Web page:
Targets 136 represent nodes whose Boolean expressions are of interest and need to be computed. The goal of the verification process is to find a way to drive a ‘1’ on a target node, or to prove that no such assertion of the target is possible. In the former case, a “counterexample trace” showing the sequence of assignments to the inputs in every cycle leading up to the fail event getting triggered is generated and recorded to output table 122.
Verification toolset 124 includes a computer program product, stored in RAM 102 and executed on processor 104, which provides a series of tools for activities such as equivalence checking, property checking, logic synthesis and false-paths analysis. Generally speaking, verification toolset 124 contains rule-based instructions for predicting the behavior of logically modeled items of hardware.
Verification toolset 124 uses the series of rules contained in its own instructions, in conjunction with design netlist 120, to represent the underlying logical problem structurally (as a circuit graph), and uses binary decision diagram builder 126 to construct binary decision diagrams 138, thereby converting the structural representation into a functionally canonical form.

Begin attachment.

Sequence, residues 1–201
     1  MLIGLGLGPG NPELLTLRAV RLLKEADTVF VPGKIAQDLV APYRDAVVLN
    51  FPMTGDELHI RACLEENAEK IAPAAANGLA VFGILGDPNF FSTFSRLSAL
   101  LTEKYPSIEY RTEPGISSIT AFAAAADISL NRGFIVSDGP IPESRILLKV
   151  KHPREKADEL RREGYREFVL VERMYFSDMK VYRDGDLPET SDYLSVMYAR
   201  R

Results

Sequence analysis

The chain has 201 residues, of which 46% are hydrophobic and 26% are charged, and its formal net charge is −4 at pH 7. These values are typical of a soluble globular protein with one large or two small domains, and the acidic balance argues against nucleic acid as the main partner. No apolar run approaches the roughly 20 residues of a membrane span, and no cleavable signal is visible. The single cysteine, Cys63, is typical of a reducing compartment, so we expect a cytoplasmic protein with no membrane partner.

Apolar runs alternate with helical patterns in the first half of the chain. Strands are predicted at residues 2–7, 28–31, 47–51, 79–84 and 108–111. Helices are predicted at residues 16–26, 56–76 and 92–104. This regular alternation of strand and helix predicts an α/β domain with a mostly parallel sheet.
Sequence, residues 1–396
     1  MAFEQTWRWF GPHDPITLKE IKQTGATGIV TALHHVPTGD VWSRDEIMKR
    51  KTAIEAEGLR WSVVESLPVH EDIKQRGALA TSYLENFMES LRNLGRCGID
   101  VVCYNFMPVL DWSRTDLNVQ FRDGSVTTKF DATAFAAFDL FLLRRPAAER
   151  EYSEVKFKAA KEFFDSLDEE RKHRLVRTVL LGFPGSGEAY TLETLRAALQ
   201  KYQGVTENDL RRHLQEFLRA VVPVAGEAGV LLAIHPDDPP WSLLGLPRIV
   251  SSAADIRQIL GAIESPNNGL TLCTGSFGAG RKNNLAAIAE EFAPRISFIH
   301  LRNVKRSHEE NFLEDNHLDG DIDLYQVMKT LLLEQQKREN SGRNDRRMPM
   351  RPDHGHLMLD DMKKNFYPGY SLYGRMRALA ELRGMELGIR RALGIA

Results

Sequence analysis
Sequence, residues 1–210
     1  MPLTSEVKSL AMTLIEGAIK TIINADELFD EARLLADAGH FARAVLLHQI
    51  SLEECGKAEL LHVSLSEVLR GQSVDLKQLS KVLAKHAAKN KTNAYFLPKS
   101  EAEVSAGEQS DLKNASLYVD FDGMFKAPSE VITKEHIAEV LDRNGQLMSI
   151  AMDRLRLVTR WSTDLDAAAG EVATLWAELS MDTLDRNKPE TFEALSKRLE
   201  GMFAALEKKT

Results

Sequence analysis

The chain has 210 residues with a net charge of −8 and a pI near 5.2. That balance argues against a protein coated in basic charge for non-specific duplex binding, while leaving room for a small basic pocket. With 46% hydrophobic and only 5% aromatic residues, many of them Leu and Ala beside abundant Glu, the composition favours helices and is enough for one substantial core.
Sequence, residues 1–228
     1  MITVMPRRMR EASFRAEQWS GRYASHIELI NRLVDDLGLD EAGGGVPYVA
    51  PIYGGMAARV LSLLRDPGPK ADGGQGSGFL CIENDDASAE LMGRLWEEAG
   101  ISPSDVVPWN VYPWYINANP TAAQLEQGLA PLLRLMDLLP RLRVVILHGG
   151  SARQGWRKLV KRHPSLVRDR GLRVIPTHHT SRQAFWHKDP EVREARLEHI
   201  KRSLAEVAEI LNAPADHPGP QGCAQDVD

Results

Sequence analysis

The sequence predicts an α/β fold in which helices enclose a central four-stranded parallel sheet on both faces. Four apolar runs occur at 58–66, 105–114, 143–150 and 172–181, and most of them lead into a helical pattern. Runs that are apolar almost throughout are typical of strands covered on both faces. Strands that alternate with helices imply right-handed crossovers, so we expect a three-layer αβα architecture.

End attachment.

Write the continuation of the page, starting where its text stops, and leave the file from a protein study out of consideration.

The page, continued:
In a preferred embodiment, verification toolset 124 includes a Cycle-Based Symbolic Simulator (CBSS), which performs a cycle-by-cycle simulation on design netlist 120 symbolically by applying unique random, or non-deterministic, variables to the netlist inputs in every cycle.
Verification toolset 124 essentially performs forward BDD-based bounded symbolic simulation, starting from initial state 132. Verification toolset 124 extends the cycle simulation methodology to symbolic values. Verification toolset 124 applies symbolic functions to the inputs in every cycle and propagates them to the targets 136. At each step the Boolean expressions, represented as binary decision diagrams 138, corresponding to each node in design netlist 120 are computed until the expressions for all “sink” nodes, i.e. nodes labeled as primary outputs 146, targets 136, constraints 134 and next-state functions of registers 142, are obtained.